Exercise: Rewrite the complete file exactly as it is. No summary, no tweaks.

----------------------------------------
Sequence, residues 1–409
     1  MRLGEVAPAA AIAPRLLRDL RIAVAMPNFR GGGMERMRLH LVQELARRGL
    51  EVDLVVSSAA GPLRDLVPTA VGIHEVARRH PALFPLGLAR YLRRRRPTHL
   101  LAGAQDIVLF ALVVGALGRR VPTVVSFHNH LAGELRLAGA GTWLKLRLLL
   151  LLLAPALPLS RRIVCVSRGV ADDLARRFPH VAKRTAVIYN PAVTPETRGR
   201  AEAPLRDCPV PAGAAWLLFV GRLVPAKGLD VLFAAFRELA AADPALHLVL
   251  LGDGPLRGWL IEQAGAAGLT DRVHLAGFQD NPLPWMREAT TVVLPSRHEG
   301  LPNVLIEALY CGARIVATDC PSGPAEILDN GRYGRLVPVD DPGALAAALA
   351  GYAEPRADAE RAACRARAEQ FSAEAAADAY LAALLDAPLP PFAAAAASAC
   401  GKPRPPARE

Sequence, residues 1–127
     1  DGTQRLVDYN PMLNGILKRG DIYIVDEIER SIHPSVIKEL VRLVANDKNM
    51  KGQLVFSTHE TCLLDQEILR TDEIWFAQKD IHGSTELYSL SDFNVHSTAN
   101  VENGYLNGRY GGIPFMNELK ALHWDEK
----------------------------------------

Sequence, residues 1–409
     1  MRLGEVAPAA AIAPRLLRDL RIAVAMPNFR GGGMERMRLH LVQELARRGL
    51  EVDLVVSSAA GPLRDLVPTA VGIHEVARRH PALFPLGLAR YLRRRRPTHL
   101  LAGAQDIVLF ALVVGALGRR VPTVVSFHNH LAGELRLAGA GTWLKLRLLL
   151  LLLAPALPLS RRIVCVSRGV ADDLARRFPH VAKRTAVIYN PAVTPETRGR
   201  AEAPLRDCPV PAGAAWLLFV GRLVPAKGLD VLFAAFRELA AADPALHLVL
   251  LGDGPLRGWL IEQAGAAGLT DRVHLAGFQD NPLPWMREAT TVVLPSRHEG
   301  LPNVLIEALY CGARIVATDC PSGPAEILDN GRYGRLVPVD DPGALAAALA
   351  GYAEPRADAE RAACRARAEQ FSAEAAADAY LAALLDAPLP PFAAAAASAC
   401  GKPRPPARE

Sequence, residues 1–127
     1  DGTQRLVDYN PMLNGILKRG DIYIVDEIER SIHPSVIKEL VRLVANDKNM
    51  KGQLVFSTHE TCLLDQEILR TDEIWFAQKD IHGSTELYSL SDFNVHSTAN
   101  VENGYLNGRY GGIPFMNELK ALHWDEK